I wasn't surprised that Harris released a new book, but after Tanya Huff swore that she wasn't going to write any more Blood books again, I was pleasantly surprised to see Smoke and Shadows on the store shelves. Huff doesn't get enough credit as a horror author, but her Keeper's Chronicles books are quite possibly the best humorous horror published this side of Good Omens, and the Blood series, following detective Victoria Nelson, are solid hard-boiled takes on vampire mythology. When that series ended, Huff said that she'd told all the stories she needed to about these characters. And, in a way, she has, as the latest book focuses primarily on Tony Foster, a former supporting character, and Vicky's vampiric ex-lover, Henry Fitzroy, leaving the Toronto cast behind.

Alas, it's not Huff's best effort. The first half of the book is spent mostly rehashing tired Hollywood and TV behind-the-scenes cliches. It's not that Huff doesn't nail her targets well, but these are targets that have been nailed many times before. It's nice, granted, to play up the cliches in Vancouver (where so many syndicated horror and sci-fi shows are filmed), but that's not enough to make the pages of satire worthwhile. Once the horror plot gets going (an invasion from another dimension by a shadow wizard), the book is certainly readable, but too many of the minor characters are interchangeable and unmemorable, making their fates simply uninteresting.Tony and Henry simply don't have the interesting chemistry that Vicky, Henry, and Mike Celluci had in the early books. That said, bad Tanya Huff is still better than much of the stuff that winds up on store shelves, and the book has enough interesting twists and subtle jokes to make for a nice beach or airplane read.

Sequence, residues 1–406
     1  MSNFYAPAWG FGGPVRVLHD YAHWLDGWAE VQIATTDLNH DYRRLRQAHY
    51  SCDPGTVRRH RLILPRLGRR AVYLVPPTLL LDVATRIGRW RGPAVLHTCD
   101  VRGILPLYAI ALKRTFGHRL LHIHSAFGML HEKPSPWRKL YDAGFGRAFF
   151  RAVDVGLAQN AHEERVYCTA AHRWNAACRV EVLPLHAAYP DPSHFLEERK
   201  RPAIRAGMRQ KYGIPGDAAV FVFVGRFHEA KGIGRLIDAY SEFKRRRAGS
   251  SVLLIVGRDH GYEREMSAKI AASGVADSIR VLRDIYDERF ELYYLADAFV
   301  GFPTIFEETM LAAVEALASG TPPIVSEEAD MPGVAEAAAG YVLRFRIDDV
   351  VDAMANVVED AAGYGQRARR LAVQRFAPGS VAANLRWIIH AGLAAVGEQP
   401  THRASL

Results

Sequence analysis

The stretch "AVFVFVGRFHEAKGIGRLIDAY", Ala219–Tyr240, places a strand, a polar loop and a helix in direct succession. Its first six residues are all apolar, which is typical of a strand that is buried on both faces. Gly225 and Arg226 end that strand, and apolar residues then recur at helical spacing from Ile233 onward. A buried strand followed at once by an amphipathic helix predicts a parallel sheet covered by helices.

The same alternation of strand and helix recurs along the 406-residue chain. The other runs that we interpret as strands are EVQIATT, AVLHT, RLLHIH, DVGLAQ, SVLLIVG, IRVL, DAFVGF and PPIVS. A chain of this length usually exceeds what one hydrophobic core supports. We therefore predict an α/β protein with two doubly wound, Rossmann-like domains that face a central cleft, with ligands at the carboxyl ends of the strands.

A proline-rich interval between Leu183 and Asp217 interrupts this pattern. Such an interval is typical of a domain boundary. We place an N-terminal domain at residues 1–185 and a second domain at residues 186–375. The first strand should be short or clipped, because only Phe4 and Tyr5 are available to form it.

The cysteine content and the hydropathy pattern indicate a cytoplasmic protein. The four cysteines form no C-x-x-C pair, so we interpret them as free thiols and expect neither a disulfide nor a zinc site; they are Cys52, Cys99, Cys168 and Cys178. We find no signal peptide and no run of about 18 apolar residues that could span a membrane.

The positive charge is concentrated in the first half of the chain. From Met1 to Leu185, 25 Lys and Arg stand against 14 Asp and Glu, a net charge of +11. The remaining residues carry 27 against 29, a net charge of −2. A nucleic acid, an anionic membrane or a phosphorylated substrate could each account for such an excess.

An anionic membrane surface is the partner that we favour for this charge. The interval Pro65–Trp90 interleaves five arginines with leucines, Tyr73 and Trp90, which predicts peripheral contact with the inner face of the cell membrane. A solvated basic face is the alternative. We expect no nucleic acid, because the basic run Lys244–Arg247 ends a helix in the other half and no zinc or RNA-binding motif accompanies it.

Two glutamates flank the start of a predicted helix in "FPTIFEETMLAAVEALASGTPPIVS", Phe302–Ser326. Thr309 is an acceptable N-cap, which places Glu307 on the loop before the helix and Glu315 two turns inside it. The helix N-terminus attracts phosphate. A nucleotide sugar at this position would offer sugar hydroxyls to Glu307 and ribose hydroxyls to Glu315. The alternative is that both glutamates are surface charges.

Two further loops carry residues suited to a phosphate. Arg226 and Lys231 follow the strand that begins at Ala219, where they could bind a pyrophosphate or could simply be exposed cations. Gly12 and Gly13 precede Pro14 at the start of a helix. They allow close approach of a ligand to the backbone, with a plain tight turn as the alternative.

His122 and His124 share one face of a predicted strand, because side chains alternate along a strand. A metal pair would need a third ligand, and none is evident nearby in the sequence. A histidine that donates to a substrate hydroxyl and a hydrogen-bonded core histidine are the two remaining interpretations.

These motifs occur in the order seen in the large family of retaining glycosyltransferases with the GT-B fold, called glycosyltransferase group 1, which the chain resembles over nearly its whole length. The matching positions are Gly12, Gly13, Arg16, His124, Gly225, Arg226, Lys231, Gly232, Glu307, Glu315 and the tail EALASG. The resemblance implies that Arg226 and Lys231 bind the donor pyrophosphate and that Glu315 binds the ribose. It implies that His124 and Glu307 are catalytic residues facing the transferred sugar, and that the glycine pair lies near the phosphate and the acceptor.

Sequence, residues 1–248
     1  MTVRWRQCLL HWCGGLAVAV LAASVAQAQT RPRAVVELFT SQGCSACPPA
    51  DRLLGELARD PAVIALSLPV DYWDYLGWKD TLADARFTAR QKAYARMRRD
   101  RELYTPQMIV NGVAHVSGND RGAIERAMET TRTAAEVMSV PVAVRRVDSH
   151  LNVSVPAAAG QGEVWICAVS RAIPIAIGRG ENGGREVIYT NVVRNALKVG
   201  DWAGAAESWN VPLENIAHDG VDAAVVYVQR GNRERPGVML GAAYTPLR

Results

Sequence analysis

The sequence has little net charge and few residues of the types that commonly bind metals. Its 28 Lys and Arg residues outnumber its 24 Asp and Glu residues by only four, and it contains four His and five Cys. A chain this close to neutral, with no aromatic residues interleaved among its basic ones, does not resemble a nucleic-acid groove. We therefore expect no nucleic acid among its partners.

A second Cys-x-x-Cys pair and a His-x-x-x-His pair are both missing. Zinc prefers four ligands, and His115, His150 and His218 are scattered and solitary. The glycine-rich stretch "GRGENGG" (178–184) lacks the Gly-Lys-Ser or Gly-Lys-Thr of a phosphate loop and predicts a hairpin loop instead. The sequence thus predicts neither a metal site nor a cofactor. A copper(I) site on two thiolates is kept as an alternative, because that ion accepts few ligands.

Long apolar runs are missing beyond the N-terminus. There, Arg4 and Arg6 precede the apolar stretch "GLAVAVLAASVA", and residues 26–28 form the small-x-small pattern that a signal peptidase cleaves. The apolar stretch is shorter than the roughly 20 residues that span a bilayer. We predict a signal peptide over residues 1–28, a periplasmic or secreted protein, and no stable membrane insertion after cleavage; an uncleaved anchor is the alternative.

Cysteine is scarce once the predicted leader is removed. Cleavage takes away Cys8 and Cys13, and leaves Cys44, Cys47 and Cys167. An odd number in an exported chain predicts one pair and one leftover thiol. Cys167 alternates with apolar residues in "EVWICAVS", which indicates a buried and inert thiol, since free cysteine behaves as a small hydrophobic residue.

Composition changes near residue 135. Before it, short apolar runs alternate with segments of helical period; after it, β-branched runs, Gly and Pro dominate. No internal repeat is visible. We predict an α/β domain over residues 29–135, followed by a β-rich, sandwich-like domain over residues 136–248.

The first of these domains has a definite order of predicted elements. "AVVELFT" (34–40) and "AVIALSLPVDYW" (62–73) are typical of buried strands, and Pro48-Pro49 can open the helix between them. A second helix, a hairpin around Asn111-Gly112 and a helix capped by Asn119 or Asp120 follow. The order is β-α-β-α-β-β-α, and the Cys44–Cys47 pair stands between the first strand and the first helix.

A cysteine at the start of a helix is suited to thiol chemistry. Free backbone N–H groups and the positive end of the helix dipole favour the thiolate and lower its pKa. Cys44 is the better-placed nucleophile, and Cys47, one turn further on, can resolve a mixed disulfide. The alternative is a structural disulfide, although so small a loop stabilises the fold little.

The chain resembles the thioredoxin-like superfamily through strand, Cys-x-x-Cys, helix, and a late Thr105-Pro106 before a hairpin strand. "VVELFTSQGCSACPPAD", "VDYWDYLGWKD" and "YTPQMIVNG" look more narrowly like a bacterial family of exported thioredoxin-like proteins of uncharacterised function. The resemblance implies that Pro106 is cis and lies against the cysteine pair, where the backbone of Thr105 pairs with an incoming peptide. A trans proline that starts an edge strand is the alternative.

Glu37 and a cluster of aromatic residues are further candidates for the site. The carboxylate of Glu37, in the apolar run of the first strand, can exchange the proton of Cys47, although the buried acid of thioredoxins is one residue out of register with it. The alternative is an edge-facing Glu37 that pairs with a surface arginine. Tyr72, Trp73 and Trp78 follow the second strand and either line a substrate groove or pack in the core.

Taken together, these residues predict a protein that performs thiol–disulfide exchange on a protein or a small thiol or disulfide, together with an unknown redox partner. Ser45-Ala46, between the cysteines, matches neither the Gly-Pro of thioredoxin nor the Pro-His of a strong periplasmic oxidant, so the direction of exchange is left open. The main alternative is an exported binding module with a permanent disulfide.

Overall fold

As I finished writing this column, this year's Stoker awards were announced. You can find the results at Horror.org. No real complaints about them this year -- it's hard to get upset when Neil Gaiman wins an award for the second year running, and Jack Ketchum walks away with two trophies. I'll ignore the lifetime achievement award for Anne Rice for the time being.

Finally, one of my favorite crossover genres, horror westerns, is getting a nice push. Steve Niles (the talented, if overhyped, writer of such projects as 30 Days of Night) is launching a comic book anthology title called Western Tales of Terror. Joe Lansdale, of course, is one of the true masters of this genre, with his Dead in the West, as well as the Jonah Hex books he and Tim Truman did for Vertigo. If the new series is a tenth as good as anything Lansdale has done, it'll be high on my to-read list.